Sunday, February 18, 2007


Not Even Fat Cats Like Fat Cats Anymore

During the Reagan era we had (supposedly) "trickle down economics". Now we have entered an era (I hope) of "trickle upwards populism". Or perhaps the better phrase is "percolating populism", as surely it is about time that the top dogs smelled the coffee. Some actually do - or profess to. Federal Reserve Chairman Ben Bernanke has cited income inequality as a threat to "the dynamism of capitalism". President Bush has scolded overpaid CEOs. According to - itself a remarkable organ for such news - "These conservatives have realized that, for all the strength of the American economy, many people feel it's chiefly the rich who are getting richer while the middle and working class struggle to stay even." Thoughts of the 2008 election are clearly driving some of these gestures of concern, but they aren't limited to politicians. Even Warren Buffett admits, "Too often, executive pay in the U.S. is ridiculously out of line with performance."

The article at the link below points out that there are greater (and ultimately more intractable) sources of income inequality than excessive CEO compensation, but overpaid CEOs are both highly visible and almost entirely oblivious to the negative image they've created among the public at large. This combination of supreme narcissism and PR imbecility has made them a very convenient target. More than anything else, they have emerged as the symbol of economic injustice in America. Barney Frank of the House Financial Services Committee is confident that he can push forward legislation to give shareholders the power to vote on compensation packages for CEOs, and on "golden parachutes" to outgoing CEOs who hitherto have believed they have the right to get rich on failure. Some in the financial arena fear that these small empowerments of the shareholder will expand into a larger and more intrusive interference into corporate governance. But I say, the more power, the better. Academic studies have demonstrated that executive compensation bears little relation to actual performance, and the experts believe that CEO compensation should be as strictly controlled as any other line item of company overhead. CEOs should be treated as gods no longer. And that is something on which even the demigods among us have begun to agree.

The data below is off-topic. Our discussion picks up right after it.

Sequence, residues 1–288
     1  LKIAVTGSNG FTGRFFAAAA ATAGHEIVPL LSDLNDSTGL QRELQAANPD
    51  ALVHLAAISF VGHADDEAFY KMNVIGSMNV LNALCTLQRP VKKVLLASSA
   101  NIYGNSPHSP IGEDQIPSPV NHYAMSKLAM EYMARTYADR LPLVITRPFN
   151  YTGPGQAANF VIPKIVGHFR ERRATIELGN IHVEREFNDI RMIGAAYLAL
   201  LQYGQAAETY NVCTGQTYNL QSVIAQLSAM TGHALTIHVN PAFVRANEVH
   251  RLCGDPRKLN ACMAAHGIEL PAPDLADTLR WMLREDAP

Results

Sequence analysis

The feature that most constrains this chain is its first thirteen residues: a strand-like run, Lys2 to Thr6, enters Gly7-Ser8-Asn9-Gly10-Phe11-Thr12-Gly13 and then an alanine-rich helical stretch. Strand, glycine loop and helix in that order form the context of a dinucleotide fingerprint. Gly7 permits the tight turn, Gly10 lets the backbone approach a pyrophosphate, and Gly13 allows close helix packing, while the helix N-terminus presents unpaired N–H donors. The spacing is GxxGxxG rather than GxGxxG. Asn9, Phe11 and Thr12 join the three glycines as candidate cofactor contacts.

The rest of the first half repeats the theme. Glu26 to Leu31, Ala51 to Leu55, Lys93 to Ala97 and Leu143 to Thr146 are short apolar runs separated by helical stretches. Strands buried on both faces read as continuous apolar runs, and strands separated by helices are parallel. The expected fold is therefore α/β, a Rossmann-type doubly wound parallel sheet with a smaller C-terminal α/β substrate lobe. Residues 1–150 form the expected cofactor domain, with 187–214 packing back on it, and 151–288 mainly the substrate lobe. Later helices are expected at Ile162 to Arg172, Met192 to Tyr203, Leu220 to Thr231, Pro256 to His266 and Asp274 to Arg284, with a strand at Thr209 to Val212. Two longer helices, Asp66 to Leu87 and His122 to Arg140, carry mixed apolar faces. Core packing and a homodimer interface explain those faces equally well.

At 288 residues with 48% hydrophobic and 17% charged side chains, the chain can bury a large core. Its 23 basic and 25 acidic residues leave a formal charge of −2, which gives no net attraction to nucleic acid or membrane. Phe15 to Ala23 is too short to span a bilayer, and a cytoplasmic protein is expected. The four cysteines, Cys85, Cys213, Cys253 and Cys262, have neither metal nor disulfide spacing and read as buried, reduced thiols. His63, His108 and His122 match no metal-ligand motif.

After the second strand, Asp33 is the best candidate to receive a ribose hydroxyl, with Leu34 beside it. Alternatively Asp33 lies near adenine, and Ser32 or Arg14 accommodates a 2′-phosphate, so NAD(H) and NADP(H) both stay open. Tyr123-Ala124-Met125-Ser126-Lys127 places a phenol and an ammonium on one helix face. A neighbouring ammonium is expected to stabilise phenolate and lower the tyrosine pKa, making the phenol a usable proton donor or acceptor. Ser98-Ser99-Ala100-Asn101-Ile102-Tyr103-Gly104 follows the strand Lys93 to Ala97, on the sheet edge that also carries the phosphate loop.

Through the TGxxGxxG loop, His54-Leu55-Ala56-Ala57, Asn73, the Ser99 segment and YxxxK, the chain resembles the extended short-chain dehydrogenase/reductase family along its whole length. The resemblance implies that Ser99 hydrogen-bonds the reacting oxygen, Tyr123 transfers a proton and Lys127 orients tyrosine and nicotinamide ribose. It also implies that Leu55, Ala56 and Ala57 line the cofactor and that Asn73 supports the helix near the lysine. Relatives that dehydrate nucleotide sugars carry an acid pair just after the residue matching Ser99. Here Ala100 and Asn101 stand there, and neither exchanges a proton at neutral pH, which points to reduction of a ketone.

"Corporate Chiefs May Come to Rue Fat Paydays: Albert R. Hunt" from

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